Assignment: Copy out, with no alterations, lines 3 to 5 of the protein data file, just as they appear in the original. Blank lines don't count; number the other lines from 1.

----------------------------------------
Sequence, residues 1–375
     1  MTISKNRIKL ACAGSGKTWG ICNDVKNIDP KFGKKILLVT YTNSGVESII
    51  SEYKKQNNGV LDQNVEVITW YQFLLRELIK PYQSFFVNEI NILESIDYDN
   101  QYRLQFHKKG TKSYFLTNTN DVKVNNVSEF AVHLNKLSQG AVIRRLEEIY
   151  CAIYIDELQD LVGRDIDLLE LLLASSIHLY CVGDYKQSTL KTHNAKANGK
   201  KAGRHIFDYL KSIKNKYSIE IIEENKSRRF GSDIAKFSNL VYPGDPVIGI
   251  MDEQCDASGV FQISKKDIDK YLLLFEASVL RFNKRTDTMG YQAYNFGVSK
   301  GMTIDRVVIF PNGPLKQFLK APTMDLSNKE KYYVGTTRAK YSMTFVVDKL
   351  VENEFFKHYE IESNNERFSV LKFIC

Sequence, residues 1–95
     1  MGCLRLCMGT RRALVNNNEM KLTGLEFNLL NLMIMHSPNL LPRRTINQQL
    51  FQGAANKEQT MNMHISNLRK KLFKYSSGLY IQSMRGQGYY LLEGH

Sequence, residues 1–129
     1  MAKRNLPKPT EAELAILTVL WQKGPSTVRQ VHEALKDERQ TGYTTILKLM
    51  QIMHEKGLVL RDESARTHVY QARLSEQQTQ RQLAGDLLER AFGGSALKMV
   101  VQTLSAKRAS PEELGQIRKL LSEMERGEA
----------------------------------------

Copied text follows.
    51  SEYKKQNNGV LDQNVEVITW YQFLLRELIK PYQSFFVNEI NILESIDYDN
   101  QYRLQFHKKG TKSYFLTNTN DVKVNNVSEF AVHLNKLSQG AVIRRLEEIY
   151  CAIYIDELQD LVGRDIDLLE LLLASSIHLY CVGDYKQSTL KTHNAKANGK